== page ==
(EEF), places schools into groups of 50 based on factors such as prior attainment, numbers of pupils receiving free school meals and the proportion of children in the highest and lowest deprivation bands.
The tool highlights how schools have performed in raising the attainment of their lowest-achieving students over the previous three years and is also designed to forecast how the school will perform in future.
This is the first attempt at a national system to predict future performance and to partner schools with a similar intake so they can learn from each other. It is hoped that better-performing schools will pass on advice about ways to improve.
Learning how the best schools are tackling the attainment gap will help others to make adjustments and improve their performance, according to Kevan Collins, chief executive of the EEF.
"Schools will have their family that will be like them and will enable them to get more support," he said. "We are moving towards a much more school-led system, which is a good thing. But we need to engage and support schools to use this opportunity and work with each other more if we are to narrow the attainment gap."
The EEF said the attainment gap between the poorest pupils and their more affluent peers had narrowed over the past three years, but the data showed it would take 30 years to close at the current rate.
The database has been tested by a handful of schools, including Hasland Hall Community School in Chesterfield. Headteacher Heather Boulton said it had already signalled that the attainment gap was at risk of widening among the school's current Year 9.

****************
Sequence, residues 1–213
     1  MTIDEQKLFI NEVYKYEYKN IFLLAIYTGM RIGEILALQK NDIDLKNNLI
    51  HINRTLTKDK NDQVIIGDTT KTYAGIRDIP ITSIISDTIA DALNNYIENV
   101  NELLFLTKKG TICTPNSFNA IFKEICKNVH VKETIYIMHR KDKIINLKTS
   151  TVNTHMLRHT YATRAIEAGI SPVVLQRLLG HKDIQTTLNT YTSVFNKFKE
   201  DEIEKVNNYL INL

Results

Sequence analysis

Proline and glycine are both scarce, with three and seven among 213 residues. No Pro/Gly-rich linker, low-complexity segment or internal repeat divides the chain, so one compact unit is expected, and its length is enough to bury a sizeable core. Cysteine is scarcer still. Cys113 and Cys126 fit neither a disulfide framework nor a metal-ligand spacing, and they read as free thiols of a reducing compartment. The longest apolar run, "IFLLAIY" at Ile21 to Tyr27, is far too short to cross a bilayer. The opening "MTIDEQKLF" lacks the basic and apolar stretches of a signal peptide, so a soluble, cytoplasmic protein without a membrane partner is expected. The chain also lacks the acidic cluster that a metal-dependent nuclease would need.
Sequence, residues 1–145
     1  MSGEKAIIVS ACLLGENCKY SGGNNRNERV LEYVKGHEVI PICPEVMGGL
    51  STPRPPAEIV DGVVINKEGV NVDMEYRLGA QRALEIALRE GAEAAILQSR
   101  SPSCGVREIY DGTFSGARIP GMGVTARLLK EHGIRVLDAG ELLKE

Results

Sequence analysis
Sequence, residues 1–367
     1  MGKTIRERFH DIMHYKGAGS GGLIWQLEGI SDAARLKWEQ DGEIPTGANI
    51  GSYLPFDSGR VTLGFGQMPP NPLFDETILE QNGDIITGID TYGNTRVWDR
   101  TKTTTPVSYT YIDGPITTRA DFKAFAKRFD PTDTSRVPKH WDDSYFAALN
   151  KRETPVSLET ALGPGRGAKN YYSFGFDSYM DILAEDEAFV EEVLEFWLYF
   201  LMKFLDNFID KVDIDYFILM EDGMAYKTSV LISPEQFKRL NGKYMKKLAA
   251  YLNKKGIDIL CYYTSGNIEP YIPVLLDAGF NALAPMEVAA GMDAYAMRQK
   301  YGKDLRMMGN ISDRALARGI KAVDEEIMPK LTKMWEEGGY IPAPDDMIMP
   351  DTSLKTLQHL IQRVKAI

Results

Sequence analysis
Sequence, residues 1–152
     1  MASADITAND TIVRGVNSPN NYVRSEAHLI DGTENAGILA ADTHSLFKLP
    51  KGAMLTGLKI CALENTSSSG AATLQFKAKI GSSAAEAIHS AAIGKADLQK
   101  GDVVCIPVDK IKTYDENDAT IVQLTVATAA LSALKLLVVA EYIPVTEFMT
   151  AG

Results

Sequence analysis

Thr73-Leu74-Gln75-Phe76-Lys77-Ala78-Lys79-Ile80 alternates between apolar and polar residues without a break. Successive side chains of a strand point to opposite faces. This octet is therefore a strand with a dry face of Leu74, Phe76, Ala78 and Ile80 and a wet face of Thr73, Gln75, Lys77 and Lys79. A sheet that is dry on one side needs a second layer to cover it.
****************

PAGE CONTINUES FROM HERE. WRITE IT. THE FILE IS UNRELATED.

"The tool has warned that we will have a bigger gap in 2017, which is interesting. We already know that we have potential problems with Year 9 and we are working with them on closing the gap, but it is interesting that this has shown it as well. It is more evidence to draw from," Ms Boulton said.
"But the benefit for me is to be able to look at what other schools are doing, and to learn from them."
Currently, the Department for Education publishes information about school performance and intake, but it does not partner schools or forecast future performance.
The database was welcomed by headteachers, with the Association of School and College Leaders saying that collaboration between schools would be "extremely useful". But general secretary Brian Lightman warned that government reforms to exams could limit the tool's potential.
"This is exactly what is meant by a self-improving schools system," Mr Lightman said. "It will mean schools providing mutual support and learning from one another. The biggest challenge at the moment, however, is the changes to qualifications, which will make it impossible for schools to make year-on-year comparisons.
"We urgently need a period of stability so that schools cannot only use a valuable tool such as this, but also look at results over time."
The database will be publicly available on the EEF's website for anyone to access, allowing parents and governors to tap in their school's name and see how it compares with other schools and predict how their children's year group will fare in their GCSEs. It is hoped that a primary school version will be released some time next year.
Jemima Reilly, headteacher of Morpeth School in East London, said the ability to predict how each cohort would perform was the most powerful component of the tool.
"It does really focus our thinking on closing the attainment gap. Historically, we've been very good at closing the gap but we will need to look at our cohorts," Ms Reilly said. "This tool is identifying that our current Year 8 will have a bigger gap, so we will start to think about identifying pupils much more closely and make sure the necessary interactions are happening.
"It also means we can look across the schools and see if one is doing something really impressive with students similar to ours, and hear what they are doing."